Over the last decade, the various electronic red dot optical sights have pretty much revolutionized urban close-combat for the American infantry man. Ideally, they can be used with both eyes open in something very close to instinctive point-shooting manner. While you may have difficulty seeing your target in a low-light situation, I guarantee you will see the red dot on this EoTech Holographic sight. And knowing where your round is going is half the battle in the dark. The brightness of the dot is fully adjustable but, let me tell you, at its highest setting, it really stands out!

DoubleTap Testing

While I ran a number of different loads through the rifle in my testing, I was primarily interested in how DoubleTap loads would do, as it’s a relatively new company. At the recommendation of a friend, I’ve been using their excellent 10mm pistol loads for a year or so and have found them to be at the top of the heap power-wise. The company supplied me with four different loads for testing, a 55-grain Nosler Ballistic Tip, 62-grain SS109 FMJ-BT, 69-grain HP Boat Tail Match, and 77-grain HP Boat Tail Match.

One of the first things I quickly discovered was that it really didn’t mater that much at 50 yards what the load was—they all had a point of impact within an inch or so of each other. I’m sure at ranges past say 150 yards, this would change, but it was nice to know that in an emergency, a rifle sighted in with one would be close enough at normal self-defense distances to use the others.

The rifle supplied by Stag featured a 1-in-9 twist barrel, which meant, in theory at least, it would be best suited to loads between 55 and around 70 grains. As expected by that rule, the DoubleTap 77-grain HP Boat Tail Match as well as the Black Hills 75-grain Match HP and Hornady 75-grain TAP FPD loads were the least accurate in this rifle. Having said that, this often meant they were only off by a fraction of an inch at 50 yards. If I were put in a situation where my AR needed to do double duty as a deer rifle, one of the modern 70-plus-grain loads would still be my first choice.

Most loads between 60 and 69 grains could be counted on for a group under 1 inch at that range. DoubleTap’s 62-grain SS 109 FMJ-BT, the equivalent of the standard NATO load, turned in groups slightly over half an inch. Their 69-grain HP Boat Tail Match spread that out a little to 7/8-inch. The company’s 55-grain Nosler Ballistic Tip was right on 5/8-inch for its groups.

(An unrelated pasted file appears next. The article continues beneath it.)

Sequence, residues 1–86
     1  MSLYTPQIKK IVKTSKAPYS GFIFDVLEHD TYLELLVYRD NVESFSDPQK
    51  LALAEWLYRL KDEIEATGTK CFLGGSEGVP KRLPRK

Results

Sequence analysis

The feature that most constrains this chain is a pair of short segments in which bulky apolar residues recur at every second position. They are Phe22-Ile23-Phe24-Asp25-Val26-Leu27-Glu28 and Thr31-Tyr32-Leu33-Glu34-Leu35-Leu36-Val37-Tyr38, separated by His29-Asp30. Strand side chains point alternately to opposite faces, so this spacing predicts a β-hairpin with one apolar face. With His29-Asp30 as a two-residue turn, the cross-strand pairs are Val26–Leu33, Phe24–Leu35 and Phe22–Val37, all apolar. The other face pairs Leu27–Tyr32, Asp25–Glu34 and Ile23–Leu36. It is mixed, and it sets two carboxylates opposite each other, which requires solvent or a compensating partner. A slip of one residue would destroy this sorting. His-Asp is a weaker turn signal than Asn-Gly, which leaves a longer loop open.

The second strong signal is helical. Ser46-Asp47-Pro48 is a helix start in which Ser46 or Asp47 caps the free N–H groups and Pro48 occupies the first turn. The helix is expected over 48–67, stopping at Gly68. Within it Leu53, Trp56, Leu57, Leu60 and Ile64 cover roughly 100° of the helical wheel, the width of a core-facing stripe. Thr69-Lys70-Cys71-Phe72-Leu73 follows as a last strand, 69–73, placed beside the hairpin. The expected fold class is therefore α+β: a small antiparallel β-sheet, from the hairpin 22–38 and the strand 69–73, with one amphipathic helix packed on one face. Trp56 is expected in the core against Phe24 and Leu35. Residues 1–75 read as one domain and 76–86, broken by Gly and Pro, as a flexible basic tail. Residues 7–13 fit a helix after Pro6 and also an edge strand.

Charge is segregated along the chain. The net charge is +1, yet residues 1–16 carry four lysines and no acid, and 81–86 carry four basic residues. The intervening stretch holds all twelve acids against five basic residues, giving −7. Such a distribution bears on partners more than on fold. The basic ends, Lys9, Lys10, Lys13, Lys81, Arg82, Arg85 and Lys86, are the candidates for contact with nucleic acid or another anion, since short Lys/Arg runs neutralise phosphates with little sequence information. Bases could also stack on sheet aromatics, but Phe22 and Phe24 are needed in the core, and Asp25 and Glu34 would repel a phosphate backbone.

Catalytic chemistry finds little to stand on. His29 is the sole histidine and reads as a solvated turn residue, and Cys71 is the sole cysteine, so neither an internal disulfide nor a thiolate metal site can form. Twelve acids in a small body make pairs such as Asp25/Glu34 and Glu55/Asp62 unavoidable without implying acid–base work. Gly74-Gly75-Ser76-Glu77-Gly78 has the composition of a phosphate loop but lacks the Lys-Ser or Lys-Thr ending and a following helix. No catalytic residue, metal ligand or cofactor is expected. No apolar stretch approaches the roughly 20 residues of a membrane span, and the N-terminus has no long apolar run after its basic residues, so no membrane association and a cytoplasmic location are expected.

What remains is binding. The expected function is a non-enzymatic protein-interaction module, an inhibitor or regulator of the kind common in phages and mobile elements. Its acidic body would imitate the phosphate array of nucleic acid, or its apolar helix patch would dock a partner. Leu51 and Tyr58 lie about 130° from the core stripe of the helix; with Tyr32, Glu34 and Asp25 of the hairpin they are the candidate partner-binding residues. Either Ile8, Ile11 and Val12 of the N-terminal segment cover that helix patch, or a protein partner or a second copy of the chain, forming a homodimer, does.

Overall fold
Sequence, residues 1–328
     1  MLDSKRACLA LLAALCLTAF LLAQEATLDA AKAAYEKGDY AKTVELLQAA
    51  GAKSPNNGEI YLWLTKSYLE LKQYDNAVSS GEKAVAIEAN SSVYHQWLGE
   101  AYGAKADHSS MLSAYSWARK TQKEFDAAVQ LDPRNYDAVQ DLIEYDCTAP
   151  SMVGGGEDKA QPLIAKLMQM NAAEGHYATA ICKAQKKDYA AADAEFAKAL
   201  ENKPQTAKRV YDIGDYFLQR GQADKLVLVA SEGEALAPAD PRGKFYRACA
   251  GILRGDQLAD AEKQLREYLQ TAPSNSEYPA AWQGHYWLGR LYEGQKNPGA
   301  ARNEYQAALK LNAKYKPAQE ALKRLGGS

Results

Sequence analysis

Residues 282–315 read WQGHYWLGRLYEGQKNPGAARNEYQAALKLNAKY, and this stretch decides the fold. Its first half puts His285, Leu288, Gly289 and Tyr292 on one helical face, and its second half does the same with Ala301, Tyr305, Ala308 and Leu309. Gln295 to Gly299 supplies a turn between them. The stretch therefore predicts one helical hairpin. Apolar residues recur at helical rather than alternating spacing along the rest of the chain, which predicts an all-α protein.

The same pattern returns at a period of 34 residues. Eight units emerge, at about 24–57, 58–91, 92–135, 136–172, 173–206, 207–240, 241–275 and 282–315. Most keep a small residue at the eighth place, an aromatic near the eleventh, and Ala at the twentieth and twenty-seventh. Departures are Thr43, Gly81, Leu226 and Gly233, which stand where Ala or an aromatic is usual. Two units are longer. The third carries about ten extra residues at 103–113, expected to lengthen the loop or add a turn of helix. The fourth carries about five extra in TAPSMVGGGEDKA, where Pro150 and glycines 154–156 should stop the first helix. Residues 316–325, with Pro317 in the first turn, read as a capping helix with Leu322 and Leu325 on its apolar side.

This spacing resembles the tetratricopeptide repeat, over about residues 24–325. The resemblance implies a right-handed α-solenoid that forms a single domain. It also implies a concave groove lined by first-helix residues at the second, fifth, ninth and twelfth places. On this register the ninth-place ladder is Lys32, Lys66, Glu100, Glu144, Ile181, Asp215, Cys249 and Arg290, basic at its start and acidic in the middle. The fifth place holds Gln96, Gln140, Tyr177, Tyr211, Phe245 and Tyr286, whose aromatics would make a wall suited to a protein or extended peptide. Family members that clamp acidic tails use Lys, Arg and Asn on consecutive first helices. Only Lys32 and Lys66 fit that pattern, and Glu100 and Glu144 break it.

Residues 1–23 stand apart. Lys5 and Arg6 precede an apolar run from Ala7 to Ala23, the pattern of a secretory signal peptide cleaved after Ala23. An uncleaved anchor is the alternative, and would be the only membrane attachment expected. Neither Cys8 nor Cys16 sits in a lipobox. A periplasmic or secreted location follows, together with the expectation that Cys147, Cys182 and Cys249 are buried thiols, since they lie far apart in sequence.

Measured Velocities

Velocity wise, as expected, the loads fell in per their bullet weight. A box of Federal American Eagle 55-grain loads were the leader at 3,015 FPS (feet per second) out of the 16-inch barrel. SS109 type 62-grain loads averaged in the 2,800 FPS range, 68/69-grain loads were in the 2,600 FPS zone and the 75- to 77-grain rounds normally came in at a bit over 2,500 FPS. If DoubleTap’s data is correct, a shooter is looking at a 300 to 400 FPS drop between a 22-inch barrel and a 16-inch one. Those expecting shots beyond the 150 mark should probably still stick with the longer barrels, but for civilian self-defense, all of these loads are adequately powerful for anything under 150 yards.

The price for this kit with the standard right-hand rifle is $2,012. Now that might seem like a lot, but I know I personally pay much more than that every single year for homeowner’s insurance and I have yet to ever recover a single dime of it. Say you buy the Stag Arms Executive Survivor Kit and the world doesn’t end next year (I certainly hope the Mayans were wrong!), you still have an excellent rifle outfitted with a full range of accessories. And if the world does go to Hell in a hand basket, this kit is going to be worth its weight in gold!

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For those that didn’t get the office memo, the world ends on December 21, 2012.…